Meyer Minute for November 20
The print on your phone or tablet isn’t large enough? Want the picture bigger? Do the magic thing with your fingers and presto, the print is larger and you get it.
When a follower of Jesus zooms in on the Psalms, the picture of the ages gets clearer. At first blush, each psalm is about something in someone’s life long ago. For example, the writer of Psalm 118 had survived a battle and so he exults. “Glad songs of salvation are in the tents of the righteous… I shall not die, but I shall live.” (Psalm 118:15-17) OK, good for him. You read further and come across this, “The stone that the builders rejected has become the cornerstone.” (22) Whoa! As a Jesus follower you know that the New Testament uses that passage for Jesus. You reread and see the psalm also describes Jesus. “I shall not die, but live” came to fulfillment in Jesus, who did die but arose and lives forever. Zoom even closer. Since Jesus promises, “Whoever believes in me, though he die, yet shall he live,” you also see your future in the psalm. (John 11:25) You shall not die but live! “Glad songs of salvation are in the tents of the righteous.”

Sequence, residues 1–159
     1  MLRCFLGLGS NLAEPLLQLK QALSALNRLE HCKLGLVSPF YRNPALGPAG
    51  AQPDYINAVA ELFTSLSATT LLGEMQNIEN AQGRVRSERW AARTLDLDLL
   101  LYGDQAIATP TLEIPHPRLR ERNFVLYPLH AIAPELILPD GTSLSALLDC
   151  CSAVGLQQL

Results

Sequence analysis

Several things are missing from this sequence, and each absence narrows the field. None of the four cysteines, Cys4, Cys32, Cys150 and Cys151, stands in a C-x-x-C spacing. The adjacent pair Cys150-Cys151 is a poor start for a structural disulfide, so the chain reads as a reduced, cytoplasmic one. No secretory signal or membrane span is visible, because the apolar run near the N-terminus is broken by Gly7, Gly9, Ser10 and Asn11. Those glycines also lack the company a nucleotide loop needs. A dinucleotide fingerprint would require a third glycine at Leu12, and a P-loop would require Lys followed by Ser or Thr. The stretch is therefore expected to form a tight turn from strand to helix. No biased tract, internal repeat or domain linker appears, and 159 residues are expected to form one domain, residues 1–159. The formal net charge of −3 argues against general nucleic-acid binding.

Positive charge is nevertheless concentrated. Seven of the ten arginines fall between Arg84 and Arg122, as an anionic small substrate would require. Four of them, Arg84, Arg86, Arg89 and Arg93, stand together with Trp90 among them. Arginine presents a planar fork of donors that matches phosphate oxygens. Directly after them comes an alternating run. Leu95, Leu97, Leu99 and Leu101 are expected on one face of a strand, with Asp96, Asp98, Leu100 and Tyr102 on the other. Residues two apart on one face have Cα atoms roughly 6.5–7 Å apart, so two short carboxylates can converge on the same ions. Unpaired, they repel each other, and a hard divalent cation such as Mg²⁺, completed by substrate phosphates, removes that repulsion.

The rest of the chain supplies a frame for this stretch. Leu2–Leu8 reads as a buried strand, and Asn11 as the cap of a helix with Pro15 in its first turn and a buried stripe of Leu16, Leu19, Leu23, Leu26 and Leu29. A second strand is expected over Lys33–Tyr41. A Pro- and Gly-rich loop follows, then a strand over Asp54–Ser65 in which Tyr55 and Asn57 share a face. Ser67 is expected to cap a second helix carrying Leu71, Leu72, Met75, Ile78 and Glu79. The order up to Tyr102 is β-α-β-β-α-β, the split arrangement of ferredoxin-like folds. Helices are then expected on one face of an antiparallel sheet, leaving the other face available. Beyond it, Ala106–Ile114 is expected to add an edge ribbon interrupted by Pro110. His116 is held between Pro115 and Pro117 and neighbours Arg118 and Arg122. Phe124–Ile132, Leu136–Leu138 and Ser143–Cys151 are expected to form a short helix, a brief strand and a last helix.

The Psalms are the prayer book of the Bible. There’s probably no emotion of your life that isn’t talked about and prayed about in the Psalms. More than that, the Psalms were Jesus’ personal prayer book. He prayed these very words you are reading and praying. Now you’re zooming wide! The psalmist long ago, you, Jesus…people of the kingdom, members of the Body of Christ, all united with Jesus in praying the psalm. “This is the Lord’s doing; it is marvelous in our eyes. This is the day that the Lord has made; let us rejoice and be glad in it.” (23-24) The picture of the ages gets very clear!